You want to write humor into your story, but it’s funny only in your head. Keep trying, because all genres benefit from some humor.
Sometimes humor isn’t well done and poor reviews are valid. But other times, the problem is some readers don’t have funny bones. Ignore their reviews. However, we must continue to hone our humor. I’ll share what I’ve observed.
Humor: What Works and What Drags
1. Every moment doesn’t have to be funny. While reading my favorite humorous author aloud to my husband, I noticed the funny character was beginning to repeat the same types of humorous actions, dialogue, and internal thoughts. I no longer found them as funny as I did at first. I stopped experiencing the element of surprise. Her techniques are good, but she overused them in the first half of the book to the harm of the second half.
2. Forced humor never works well. If the humor is too much like slapstick, fewer readers will like it. If you’re determined to make a situation funny, it probably won’t be.
3. Try subtle humor. Subtle humor goes a long way for many readers. For example, take an introverted hero overburdened with responsibilities. Use small actions that he does while alone that produce smiles and are endearing. He’s determined to meet his obligations. What he says and does in public aren’t strange to him but are to the heroine and others. Then occasionally, he unwittingly becomes the straight man for a family member to exhibit her dry humor.
4. Keep humorous activities original with all the elements of a serious scene. The humorous scenes should have conflict and engaging dialogue. For example, in my novel, Gift of the Magpie, Amanda’s fingers and toes become almost frostbitten while she and Cam build an igloo. He makes her come to his house where he searches the Internet on his phone for how to thaw appendages. To Amanda’s chagrin, the exercises require large leg-swinging and arm-revolving exercises to force blood to her fingers and toes. She demands to see his phone to make sure he’s not having her perform unnecessary, embarrassing motions. Her running commentary on the exercises not working and her preference to put her frozen feet and hands on Cam’s bare back and sides flips the situation to Cam’s discomfort and his voiced opinions.
5. Banter must be lively but not inane. Go for clever remarks and zingers. Don’t do this:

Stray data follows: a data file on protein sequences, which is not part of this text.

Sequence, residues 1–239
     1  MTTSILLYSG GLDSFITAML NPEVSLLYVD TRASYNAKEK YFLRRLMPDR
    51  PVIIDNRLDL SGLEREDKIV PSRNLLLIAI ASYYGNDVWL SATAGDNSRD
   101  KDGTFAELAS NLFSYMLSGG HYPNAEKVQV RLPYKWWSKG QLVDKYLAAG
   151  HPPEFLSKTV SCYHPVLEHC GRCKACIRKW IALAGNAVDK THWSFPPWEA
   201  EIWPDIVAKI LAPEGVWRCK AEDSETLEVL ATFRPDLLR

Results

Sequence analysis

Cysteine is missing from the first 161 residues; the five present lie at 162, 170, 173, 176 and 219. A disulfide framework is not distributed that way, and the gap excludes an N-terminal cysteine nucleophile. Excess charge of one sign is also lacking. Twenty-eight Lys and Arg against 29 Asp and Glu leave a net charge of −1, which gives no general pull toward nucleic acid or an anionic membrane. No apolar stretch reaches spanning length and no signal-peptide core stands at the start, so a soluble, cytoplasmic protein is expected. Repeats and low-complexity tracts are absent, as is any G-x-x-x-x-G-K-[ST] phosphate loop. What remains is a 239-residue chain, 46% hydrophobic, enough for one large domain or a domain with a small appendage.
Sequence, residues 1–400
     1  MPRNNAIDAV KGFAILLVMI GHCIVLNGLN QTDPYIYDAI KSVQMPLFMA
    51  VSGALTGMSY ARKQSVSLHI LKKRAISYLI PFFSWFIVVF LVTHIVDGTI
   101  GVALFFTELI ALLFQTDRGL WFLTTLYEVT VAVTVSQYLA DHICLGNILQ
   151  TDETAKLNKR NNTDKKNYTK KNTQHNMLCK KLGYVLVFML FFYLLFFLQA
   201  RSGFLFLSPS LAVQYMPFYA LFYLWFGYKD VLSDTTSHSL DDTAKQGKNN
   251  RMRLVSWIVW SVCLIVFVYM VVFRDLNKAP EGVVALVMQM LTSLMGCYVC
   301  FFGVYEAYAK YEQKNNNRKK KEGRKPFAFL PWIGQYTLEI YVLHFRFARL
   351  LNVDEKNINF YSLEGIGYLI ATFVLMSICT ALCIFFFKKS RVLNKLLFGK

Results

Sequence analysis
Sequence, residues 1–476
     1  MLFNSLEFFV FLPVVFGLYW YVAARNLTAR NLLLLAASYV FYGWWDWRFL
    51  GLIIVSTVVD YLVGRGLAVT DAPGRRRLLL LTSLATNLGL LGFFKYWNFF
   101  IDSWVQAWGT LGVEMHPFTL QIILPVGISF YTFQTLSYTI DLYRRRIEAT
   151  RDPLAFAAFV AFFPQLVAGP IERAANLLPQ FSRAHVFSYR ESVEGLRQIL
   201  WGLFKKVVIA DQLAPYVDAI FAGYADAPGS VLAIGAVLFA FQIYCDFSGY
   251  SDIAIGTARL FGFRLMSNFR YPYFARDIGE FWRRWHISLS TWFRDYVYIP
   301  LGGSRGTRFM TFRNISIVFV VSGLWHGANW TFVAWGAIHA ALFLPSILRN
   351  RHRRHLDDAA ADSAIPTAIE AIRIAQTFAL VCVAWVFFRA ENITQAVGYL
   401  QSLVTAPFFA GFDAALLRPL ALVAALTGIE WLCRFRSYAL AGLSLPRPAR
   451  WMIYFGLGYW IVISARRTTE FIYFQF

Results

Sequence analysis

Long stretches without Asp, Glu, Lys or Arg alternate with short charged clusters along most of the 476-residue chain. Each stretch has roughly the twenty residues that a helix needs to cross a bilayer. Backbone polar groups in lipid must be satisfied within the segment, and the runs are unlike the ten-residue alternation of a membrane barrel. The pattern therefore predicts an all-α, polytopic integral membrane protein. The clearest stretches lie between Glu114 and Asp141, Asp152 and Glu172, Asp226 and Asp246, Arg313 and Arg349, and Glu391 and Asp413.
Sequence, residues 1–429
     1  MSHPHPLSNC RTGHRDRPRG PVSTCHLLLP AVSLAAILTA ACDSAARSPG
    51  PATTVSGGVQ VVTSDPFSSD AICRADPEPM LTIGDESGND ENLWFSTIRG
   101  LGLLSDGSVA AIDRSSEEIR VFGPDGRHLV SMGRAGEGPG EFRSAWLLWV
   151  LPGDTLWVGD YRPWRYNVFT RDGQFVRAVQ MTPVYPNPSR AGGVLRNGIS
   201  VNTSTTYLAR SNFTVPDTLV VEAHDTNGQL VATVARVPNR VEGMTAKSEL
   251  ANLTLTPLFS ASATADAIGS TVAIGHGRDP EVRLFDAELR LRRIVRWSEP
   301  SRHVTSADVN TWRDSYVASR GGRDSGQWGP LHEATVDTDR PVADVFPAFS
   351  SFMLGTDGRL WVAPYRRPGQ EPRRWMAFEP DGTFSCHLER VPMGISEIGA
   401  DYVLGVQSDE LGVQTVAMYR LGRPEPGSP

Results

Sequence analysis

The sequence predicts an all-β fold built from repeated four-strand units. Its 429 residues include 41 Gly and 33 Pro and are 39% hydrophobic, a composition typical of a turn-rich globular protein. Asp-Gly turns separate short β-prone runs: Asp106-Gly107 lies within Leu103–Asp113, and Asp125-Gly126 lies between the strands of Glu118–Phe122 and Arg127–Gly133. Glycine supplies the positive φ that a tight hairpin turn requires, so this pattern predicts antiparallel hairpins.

Brad pinched Gilda’s arm. “Behave.
“Ouch, that hurts.” She rubbed her arm.
“I meant it to.”
“Maybe I’ll pinch you.”
Here’s banter from my Book Calculated Risk, after Cisney has shown actuary Nick how far up the tub of popcorn he should stop eating and give the bucket to her. We start with Nick’s comment.
“The movie hasn’t started yet, you don’t have to whisper.”
“In movies, my family never talked above a whisper, if at all, or Daddy wouldn’t bring us again for a long time.” Her beautiful eyes widened. “You don’t talk during the movie, do you?”
“No.” He held up the popcorn container, glad they agreed on one thing. “You do know the bucket is somewhat cone-shaped and half the popcorn is about here.” He moved his finger up the bucket from where she’d drawn her line.
“Shame on you, Risk Man. You didn’t take into consideration that they were chintzy on popcorn. The kernels reach a half-inch short of the top. And you didn’t take into account that I’m smaller than you and don’t eat as much.”
He chuckled. Risk Man?
She put her finger to her puckered lips. “Shh.”
Humor in novels – what works and what drags. Click to tweet.
What tip can you add in writing humor?
Amanda Larrowe’s lack of trust sabotages her relationships. The English teacher and award-winning author of middle-grade adventure books for boys has shut off communication with friends and family to meet her January 2 book deadline. Now, in the deepest snow accumulation Richmond, Virginia has experienced in years, Camden Lancaster moves in across the street. After ten years, her heart still smarts from the humiliating aftermath of their perfect high school Valentine’s Day date. He may have transformed into a handsome, amiable man, but his likeability doesn’t instill trust in Amanda’s heart. When Cam doesn’t recognize her on their first two encounters, she thinks it’s safe to be his fair-weather neighbor. Boy is she wrong.